One of the most primitive emotions we can experience is anger. From early childhood, each one of us has felt angry at times for various reasons – betrayal by a loved one, a driver cutting in front of you, or feeling shortchanged. If anger is expressed infrequently and in a constructive, healthy manner it can be helpful. However, anger you may be holding within or if you commonly explode in a rage when ticked off can be more harmful to your health than you realize. If losing your temper is a frequent occurrence, here are several reasons why gaining more control and practicing staying calm can literally save your life;
Anger places your heart at risk
Frequent angry outbursts affect heart health the most. But if you tend to internalize angry without expressing it, this also raises heart disease risk. People with a personality trait who are prone to feeling angry are at twice the risk of coronary heart disease than individuals who are more happy-go-lucky.
Instead of controlling your anger, speak up and address your feelings with the person you are frustrated with. Feeling angry is a normal emotion but to bottle it up without releasing it, is detrimental to heart health. Be kind to your heart by learning ways to express your feelings in a diplomatic manner.
Anger also increase the risk of stroke
If you’re prone to angry outbursts, think twice before you do. Individuals who lash out have been shown to be at a higher risk of having a stroke. To help you avoid anger boiling over, identify your triggers and then figure out how to change your response. Do deep breathing, go on a walk, practice assertive communication skills, or leave the situation. Deescalate the anger brewing inside to calm yourself down.
Anger can weaken your immune system
An angry attitude can result in you getting sick more often. Studies have shown that just the simple act of remembering an event that made you angry can result in a six-hour reduction in immunoglobulin A, an antibody that is your cells’ first line of defense in protecting you from infection.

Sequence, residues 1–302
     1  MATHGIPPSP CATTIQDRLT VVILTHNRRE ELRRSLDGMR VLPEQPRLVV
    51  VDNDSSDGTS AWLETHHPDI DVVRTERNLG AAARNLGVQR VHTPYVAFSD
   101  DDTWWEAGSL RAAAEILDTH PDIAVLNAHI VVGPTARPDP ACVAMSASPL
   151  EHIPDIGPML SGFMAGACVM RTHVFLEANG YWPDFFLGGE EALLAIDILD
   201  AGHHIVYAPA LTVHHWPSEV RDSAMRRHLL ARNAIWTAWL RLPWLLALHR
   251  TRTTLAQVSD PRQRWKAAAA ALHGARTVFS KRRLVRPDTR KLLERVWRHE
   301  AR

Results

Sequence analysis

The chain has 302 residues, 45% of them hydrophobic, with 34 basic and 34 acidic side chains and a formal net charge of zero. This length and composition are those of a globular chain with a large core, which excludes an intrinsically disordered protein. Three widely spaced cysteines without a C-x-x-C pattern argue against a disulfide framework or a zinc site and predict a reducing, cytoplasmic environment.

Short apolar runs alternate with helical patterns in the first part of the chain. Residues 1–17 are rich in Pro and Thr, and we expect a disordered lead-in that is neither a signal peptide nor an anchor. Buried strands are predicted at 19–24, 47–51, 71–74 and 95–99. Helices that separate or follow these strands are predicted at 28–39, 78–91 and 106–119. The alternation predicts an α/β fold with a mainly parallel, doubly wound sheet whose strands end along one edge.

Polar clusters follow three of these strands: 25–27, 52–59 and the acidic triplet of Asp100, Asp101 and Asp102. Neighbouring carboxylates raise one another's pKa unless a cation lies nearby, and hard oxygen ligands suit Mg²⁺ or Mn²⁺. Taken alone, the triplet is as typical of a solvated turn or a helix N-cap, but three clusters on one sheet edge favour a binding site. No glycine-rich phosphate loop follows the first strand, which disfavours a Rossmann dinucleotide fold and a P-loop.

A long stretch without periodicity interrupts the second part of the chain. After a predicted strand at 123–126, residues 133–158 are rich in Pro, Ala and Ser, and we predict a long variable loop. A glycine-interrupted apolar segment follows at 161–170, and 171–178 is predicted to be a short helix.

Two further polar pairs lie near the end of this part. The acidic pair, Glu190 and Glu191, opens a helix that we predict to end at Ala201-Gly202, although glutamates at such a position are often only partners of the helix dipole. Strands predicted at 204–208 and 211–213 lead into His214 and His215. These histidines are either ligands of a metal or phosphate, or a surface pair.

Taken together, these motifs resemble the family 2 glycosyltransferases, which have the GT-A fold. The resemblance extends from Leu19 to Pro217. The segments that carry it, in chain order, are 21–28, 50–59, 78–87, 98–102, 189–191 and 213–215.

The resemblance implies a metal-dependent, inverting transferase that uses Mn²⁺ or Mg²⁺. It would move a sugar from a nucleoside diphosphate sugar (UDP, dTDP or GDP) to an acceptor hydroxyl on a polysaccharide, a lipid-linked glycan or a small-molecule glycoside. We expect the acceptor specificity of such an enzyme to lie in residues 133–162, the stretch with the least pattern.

Supporting good immune functioning is vital to your health and well-being. Begin by developing better coping strategies such as assertive communication, effective problem solving, using humor, or learning news of thinking of coping with difficult situations.
Anger results in increased anxiety
Do you ever worry and feel angry too? These two emotions tend to go hand-in-hand. When you internalize anger without expressing it, it can increase symptoms of a generalized anxiety disorder (GAD). Studies have shown that individuals with GAD have a greater risk of excessive and uncontrollable worry that can consume and overtake their day-to-day life.
Anger can lead to depression
For men dealing with anger issues, there is a greater link to depression. If anger is consuming your life, likely you will also feel depressed. The trick is to get involved in staying busy with activities you enjoy. Anything that can take your mind off a situation making you feel angry is a good way to focus on the present and what you can do instead of ruminating on things you may not be able to change.
Anger is harmful to your lungs
Feelings of hostility can lead to an increased risk of respiratory issues involving healthy lung functioning. A Harvard University study found men who were frequently angry had significantly worse lung capacity, believed to be due to an increase in stress hormones associated with anger that cause inflammation in the airways.
Anger reduces your life span
People who are stressed out and angry tend to have a shorter life span when compared to those who lead happier lives. It’s okay to say when you are mad about something when the anger is expressed effectively. Learning to express anger in appropriate ways is a healthy way to release it. You’ll feel more freed of repressed anger and empowered stating your true feelings instead of keeping a lid on them. This can lead to feeling more at peace and happier about yourself and life without the heavy burden of anger.